After a days excursion at Majuli we stayed the night at a beautiful colonial tea bungalow at Jothat. Jorhat is spreaded along the Brahamaputra and its tributaries is one of the most important agricultural township in Assam.The town is a Jewel in the crown amidst the lush green tea gardens.It is the tea capital of Assam. Research and experimentation on new variety of tea and its therapeutic use is done in here.
Next day we intended to visit Gibbons sanctuary in the morning before we start our journey for Dibrugarh.
Gibbons sanctuary is spreaded over a small area of 20 hecters of area in the south bank of Brahamaputra .The sanctuary consists of evergreen rain forest and surrounded by tea gardens. It is named after the endangered “Hoolock Gibbons”
Hoolock Gibbons are the only existing ape in India. Apart from Gibbons Stump tailed Macaque, Pig-tailed Macaque,Resus Macaque,Assamese Macaque, Capped Langur and the Slow loris are found here.This small sanctuary has got enormous importance to the nature lovers all over the world since this is the habitat for seven species of primates and most of them are endemic to North East India.
We were lucky enough to see a family of Holock Gibbons , few capped langur and a pig tailed macaque , quite a number of Resus Macaque in our brief visit to the sanctuary.
Our next destination was Dibrugarh.
On the way to we made a brief visit to Shivsagar. Shivsagar was the ancient capital of Assam.The ancient architectures are influenced by South East Asian architecture. The city is named after the water body or the tank adjusant to three famous temples namely, Shivadol Vishnudol and Devidol . The Shivadol temple is 104 feet high and the one of the most important temples in Assam. The water body is called Borpukhuri.Migratory birds are found in large number in this tank.Critically endangered bird Greater adjutant stocks are found here in good number. After spending some time with the birds we continued our Journey to Dibrugarh. Dibrugarh is 5 hours drive from Jorhat.
Dibrugarh & Dibrusaikhowa National Park :
As we entered Dibrugarh the car was passing through the lush green tea gardens in the Brahamaputra Valley, rich tea aroma was in the air, and the sky was crystal blue.Dibrugarh is the tea capital of Assam.We could realise we have entered in the very heart of the land of Brahamautra.Dibrugarh .Dibrugarh stretches on the northern bank, Brahamaputra is at its best here along with its major tributaries.At places the river is 10 kms wide, it rather looks like a sea, both the banks are not visible at the same time. Dibrugarh is consists of flood plains of Bhahamaputra , swamps and bheels.We could smell the river from every nook and corner.We stayed the night in a beautiful tea bunglow . We were severed exotic colonial cuisine along with the garden fresh tea.
Next morning we woke up with the singing of brain fever bird, after a brief birding session we went to see tea processing and the life of the people in the tea gardens. We heard that few days back a leopard has given birth to few cubs inside the garden. We longed to see the small cubs, but with a second thought decided not to disturb the mother and the little ones. After a lavish breakfast we proceeded to Guijan, near Tinsukia to our final destination to Dibrusikhowa National Park
Dibrusaikhowa National Park consists of 340 sq kms. of grassland, riverine and swampy area, including a large area of deciduous and ever green forests. The park is situated on the flood plains of Brahamaputra and is sandwiched between Brahamaputra and its tributary Dibru river. It is a Biodiversity hotspot, a Tiger reserve, and a National park.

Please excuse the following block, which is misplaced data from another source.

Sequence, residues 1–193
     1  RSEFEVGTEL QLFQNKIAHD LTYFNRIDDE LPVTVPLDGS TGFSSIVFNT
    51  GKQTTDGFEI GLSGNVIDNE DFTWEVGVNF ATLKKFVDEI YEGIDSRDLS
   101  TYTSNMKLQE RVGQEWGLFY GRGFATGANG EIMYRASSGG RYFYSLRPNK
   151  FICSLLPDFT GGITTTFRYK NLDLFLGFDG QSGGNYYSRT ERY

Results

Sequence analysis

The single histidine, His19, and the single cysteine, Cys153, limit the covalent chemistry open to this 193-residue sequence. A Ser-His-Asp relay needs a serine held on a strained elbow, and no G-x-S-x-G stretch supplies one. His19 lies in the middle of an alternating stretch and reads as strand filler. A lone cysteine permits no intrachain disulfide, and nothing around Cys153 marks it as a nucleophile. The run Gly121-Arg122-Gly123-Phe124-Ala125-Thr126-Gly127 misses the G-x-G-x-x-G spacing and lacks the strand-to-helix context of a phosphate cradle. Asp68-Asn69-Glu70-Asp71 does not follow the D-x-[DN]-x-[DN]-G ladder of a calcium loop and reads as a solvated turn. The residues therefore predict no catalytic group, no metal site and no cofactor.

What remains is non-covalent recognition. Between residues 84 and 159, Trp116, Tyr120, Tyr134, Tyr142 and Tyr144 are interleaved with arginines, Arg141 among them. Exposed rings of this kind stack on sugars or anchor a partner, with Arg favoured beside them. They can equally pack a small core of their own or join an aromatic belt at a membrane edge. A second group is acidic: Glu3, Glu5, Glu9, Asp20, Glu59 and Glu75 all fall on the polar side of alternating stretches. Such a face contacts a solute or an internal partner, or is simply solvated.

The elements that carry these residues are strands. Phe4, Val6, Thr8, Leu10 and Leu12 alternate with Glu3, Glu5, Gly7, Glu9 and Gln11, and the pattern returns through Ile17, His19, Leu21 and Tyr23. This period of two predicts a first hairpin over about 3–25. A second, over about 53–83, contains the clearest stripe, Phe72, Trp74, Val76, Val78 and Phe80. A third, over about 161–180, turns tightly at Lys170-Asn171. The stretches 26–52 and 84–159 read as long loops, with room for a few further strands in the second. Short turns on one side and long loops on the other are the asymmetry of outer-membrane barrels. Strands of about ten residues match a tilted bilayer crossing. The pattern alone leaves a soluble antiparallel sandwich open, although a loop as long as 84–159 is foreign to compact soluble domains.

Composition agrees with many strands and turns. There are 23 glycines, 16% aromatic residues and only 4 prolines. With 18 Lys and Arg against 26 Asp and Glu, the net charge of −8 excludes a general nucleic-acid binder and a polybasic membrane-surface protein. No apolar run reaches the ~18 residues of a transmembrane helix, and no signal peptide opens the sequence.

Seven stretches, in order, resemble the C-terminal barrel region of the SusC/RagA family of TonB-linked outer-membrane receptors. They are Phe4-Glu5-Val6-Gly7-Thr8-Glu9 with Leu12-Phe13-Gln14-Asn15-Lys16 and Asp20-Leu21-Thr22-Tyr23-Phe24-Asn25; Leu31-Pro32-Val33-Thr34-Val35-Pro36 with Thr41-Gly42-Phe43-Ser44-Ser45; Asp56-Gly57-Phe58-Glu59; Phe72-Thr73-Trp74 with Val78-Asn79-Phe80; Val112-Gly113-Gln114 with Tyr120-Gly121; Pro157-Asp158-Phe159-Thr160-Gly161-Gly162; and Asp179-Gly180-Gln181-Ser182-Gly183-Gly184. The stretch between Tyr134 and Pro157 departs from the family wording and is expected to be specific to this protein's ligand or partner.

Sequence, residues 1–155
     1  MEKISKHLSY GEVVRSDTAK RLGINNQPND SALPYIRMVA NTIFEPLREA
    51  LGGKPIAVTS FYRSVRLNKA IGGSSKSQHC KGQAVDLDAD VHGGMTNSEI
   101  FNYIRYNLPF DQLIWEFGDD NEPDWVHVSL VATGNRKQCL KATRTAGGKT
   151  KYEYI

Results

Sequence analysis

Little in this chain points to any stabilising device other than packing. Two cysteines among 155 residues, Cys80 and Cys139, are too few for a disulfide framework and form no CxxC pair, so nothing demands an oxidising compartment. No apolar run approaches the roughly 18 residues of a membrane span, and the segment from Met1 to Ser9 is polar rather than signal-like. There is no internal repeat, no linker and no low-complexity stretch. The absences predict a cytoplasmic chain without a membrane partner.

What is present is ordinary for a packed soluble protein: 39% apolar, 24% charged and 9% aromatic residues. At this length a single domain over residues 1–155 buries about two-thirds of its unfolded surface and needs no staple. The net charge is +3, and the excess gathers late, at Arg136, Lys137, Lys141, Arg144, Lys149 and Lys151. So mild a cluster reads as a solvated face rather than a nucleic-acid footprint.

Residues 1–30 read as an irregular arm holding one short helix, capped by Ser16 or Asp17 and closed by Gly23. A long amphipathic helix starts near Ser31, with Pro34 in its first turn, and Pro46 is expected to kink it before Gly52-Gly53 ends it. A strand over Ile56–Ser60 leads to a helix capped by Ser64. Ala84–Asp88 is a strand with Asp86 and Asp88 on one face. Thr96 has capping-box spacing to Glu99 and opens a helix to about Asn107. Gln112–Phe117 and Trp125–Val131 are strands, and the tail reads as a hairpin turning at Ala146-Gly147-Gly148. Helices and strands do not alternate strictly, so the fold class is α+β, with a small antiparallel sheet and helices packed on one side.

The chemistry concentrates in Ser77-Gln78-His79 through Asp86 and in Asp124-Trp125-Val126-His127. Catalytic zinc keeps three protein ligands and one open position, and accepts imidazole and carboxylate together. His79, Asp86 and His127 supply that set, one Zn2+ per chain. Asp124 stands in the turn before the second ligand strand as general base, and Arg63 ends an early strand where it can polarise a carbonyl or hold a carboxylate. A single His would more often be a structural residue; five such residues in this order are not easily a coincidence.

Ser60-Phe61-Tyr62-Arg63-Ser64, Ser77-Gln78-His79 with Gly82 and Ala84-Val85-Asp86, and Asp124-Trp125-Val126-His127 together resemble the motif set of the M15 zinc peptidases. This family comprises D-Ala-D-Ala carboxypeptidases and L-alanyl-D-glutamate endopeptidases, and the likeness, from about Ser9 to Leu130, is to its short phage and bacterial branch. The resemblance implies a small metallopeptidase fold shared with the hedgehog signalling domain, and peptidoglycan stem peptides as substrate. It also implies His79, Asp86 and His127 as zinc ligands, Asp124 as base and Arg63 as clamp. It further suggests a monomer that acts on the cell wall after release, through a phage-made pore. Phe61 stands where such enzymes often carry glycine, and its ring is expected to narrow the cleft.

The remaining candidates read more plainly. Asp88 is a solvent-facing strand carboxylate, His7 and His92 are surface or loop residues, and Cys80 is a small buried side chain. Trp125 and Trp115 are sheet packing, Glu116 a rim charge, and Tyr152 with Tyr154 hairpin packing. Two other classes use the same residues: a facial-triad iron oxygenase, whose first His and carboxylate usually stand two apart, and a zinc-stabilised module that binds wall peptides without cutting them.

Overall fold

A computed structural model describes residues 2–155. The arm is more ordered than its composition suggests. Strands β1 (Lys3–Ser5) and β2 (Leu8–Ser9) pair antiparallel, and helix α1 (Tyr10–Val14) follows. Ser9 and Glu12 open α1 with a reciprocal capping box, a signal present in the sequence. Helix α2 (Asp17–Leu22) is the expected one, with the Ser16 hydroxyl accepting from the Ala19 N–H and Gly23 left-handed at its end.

350 species of birds and 26 species of Mammals have been recorded in the park.
Some of the important birds of this area are Marsh Babbler, Jordon’s Babbler, Black-breasted Parrot bill, Swamp Prinia and Jordon’s Bush chat. Some of the other species found here are Swamp Francolin, Cotton Pygmy-goose, Spot-billed Duck, Speckled Piculet, Drongo Cuckoo, Pale-capped Pigeon, Grey-headed Lapwing, Slender-billed Vulture, Red-necked Falcon, Peregrine Falcon etc
Important mammals of this area are the six species of primates, seven species of cats, such as tiger leopard, leopard cat, clouded leopard, golden cat, fishing cat, jungle cat. It is also home for Indian Elephant, Asiatic wild buffalo, feral horse. Forest is approachable through the river, the adventurous ones can trek inside the park. We took a boat ride in the morning in search of Dolphins and the endemic grassland birds, In the evening we visited the nearby Motapan Magul Beel, Thousands of migratory birds made this wetland a paradise for birders. Next day we opted to trek in the park through the undulated dense woodland, We had to cross river and streams on the way, the landscape was breathtaking inside the park. We opted to spent the night in a small camp beside Dibru River just opposite to the park.
It was our final night at the Brahamaputra basin. Incidentally it was the Assamese new year eve, the festivity was in the air , we were fortunate enough to see a Bihu dance performance .The sun was about to set at the back drop of Dibru river. The male and Female dancers gorgeously dressed in golden muga silk mekhla chaddar and gamochas, girls looked exotic with coca flower garland tied around their hair. They danced gracefully with melodious folk tune, .Sheer Joy reflected from their repetitive movement. This famous form of Assamese folk dance is all about celebration of life .
The Brahamaputra basin turned magical with the music and dance against the changing colours of the setting sun.
We have to return to the urban life , but this 2 weeks travel along this mighty river has been an experience of a life time . The memories of the Brahamaputra basin always carry a special place in our hearts.